Shares of InterGlobe Aviation Ltd are down 10% so far in calendar year 2022. InterGlobe manages the airline IndiGo.
Admittedly, the subdued sentiments for the stock can be attributed to the sharp rise in crude oil prices. Although Brent prices have fallen below $120 a barrel, there are uncertainties due to the ongoing Russian-Ukrainian conflict.
But amid the dark clouds, one metric should provide comfort and that’s yields, a pricing metric for airlines. With the decrease in covid cases and the decrease in travel restrictions, there is an increased demand for travel. “Weekly average daily flyer count was 341,000 during the week ended (WE) March 12, 22 compared to 324,000 on WE March 5, 22,” ICICI Securities analysts said in a report.
After subdued demand in January and February due to the Omicron variant of the coronavirus, analysts at Credit Suisse Securities (India) Pvt Ltd observe that the strength seen in March is well ahead of seasonality. “Our passenger fare yield estimates are again very strong, similar to November-December 2021. As a positive indicator, far travel (30-day) yields are also strong. March 2022 returns are approximately ₹4.5,” Credit Suisse analysts said in a report dated March 11. Even so, the March quarter (Q4FY22) as a whole is expected to post weak results. Credit Suisse analysts expect a return of about ₹3.9-4 at T4.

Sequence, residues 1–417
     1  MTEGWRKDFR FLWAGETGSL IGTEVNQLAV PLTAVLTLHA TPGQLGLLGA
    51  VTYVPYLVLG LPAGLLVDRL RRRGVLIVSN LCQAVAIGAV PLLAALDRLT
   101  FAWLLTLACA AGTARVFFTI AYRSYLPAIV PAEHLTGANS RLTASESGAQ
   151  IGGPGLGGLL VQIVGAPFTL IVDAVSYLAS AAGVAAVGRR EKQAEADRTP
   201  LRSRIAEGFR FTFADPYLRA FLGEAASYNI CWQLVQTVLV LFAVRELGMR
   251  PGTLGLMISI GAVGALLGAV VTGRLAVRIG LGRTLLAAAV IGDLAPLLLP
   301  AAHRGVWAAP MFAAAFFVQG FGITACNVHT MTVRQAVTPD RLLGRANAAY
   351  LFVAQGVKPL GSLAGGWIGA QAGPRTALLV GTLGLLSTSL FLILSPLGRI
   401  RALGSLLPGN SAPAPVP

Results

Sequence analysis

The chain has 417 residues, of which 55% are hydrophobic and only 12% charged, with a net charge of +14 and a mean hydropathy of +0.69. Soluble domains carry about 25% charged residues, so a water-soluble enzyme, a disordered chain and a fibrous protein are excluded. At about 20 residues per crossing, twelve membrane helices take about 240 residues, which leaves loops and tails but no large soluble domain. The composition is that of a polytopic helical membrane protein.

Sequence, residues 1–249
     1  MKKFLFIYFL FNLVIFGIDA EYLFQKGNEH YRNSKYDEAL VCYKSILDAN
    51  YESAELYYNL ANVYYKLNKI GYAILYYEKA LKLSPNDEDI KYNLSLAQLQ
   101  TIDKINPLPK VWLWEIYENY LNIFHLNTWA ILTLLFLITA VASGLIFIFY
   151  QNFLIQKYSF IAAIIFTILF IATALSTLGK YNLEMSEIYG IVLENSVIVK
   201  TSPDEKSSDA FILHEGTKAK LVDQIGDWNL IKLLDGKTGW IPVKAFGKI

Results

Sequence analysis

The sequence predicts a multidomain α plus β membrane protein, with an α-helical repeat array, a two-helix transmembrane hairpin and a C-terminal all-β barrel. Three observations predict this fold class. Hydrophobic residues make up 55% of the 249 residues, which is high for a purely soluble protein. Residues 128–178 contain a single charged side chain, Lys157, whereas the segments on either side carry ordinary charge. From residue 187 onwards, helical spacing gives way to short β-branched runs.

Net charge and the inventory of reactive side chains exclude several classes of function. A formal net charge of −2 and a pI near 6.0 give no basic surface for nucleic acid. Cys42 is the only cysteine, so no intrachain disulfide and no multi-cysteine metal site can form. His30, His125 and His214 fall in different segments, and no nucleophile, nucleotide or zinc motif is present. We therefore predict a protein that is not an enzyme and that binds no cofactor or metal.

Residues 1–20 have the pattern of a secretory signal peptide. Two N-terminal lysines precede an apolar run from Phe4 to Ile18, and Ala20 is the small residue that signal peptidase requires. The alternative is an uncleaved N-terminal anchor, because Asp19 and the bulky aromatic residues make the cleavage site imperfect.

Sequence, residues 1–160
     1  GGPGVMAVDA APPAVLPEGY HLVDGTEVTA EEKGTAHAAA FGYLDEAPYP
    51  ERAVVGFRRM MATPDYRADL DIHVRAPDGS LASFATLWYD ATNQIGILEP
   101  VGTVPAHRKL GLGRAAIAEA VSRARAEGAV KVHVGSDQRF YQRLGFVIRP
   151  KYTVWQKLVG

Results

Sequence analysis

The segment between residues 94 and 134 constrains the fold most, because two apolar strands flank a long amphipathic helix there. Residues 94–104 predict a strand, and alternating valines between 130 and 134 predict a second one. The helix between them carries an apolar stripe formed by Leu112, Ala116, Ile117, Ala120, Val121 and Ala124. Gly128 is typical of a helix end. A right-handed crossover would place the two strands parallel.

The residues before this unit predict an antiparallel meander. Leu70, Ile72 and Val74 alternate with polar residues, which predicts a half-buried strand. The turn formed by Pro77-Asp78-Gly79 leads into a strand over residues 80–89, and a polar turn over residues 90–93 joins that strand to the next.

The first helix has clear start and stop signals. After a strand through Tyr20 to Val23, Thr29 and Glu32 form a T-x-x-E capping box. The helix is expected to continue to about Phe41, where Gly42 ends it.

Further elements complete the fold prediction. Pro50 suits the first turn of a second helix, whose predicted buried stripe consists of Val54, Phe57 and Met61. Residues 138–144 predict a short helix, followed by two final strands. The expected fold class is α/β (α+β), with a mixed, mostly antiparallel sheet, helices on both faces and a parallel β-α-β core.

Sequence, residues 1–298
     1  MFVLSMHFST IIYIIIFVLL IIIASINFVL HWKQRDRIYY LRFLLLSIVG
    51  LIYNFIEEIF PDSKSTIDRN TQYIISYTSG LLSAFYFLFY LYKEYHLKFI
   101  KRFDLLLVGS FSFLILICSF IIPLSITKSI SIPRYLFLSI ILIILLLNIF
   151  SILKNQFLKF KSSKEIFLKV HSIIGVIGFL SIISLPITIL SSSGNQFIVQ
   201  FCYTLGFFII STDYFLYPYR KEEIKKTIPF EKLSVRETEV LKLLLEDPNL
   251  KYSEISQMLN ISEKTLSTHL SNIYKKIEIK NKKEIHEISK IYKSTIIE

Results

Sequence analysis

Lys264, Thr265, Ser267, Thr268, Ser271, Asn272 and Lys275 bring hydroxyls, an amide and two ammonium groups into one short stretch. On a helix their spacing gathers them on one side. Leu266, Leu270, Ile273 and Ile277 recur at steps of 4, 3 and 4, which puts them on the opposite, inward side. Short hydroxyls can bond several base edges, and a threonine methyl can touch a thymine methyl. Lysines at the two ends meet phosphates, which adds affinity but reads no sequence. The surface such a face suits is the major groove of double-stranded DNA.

Note that during the December quarter (Q3FY22), IndiGo reported a return of ₹4.41, registering a 19% YoY increase, supported by healthy domestic demand due to seasonality and international air bubble agreements. During the third quarter earnings call, IndiGo management said it believes in delivering returns of ₹4+ regularly.
Nonetheless, IndiGo is expected to post losses for the full year. For the nine months ended December, IndiGo reported a net loss of approximately ₹4500 crore. Nevertheless, pent-up demand, the resumption of scheduled international flights and favorable seasonality in Q1FY23 mean a good start for FY23. It also helps the price environment that the June quarter is usually seasonally strong.
But, of course, higher fuel costs are a concern since these costs make up a large portion of airline operating expenses. According to Credit Suisse, “at $120/barrel crude, at yield levels of Rs 3.90, the company will have no profitability and will have to accept price increases in the range of 45 to 50 paise, or 10 to 12% to offset the cost push”.
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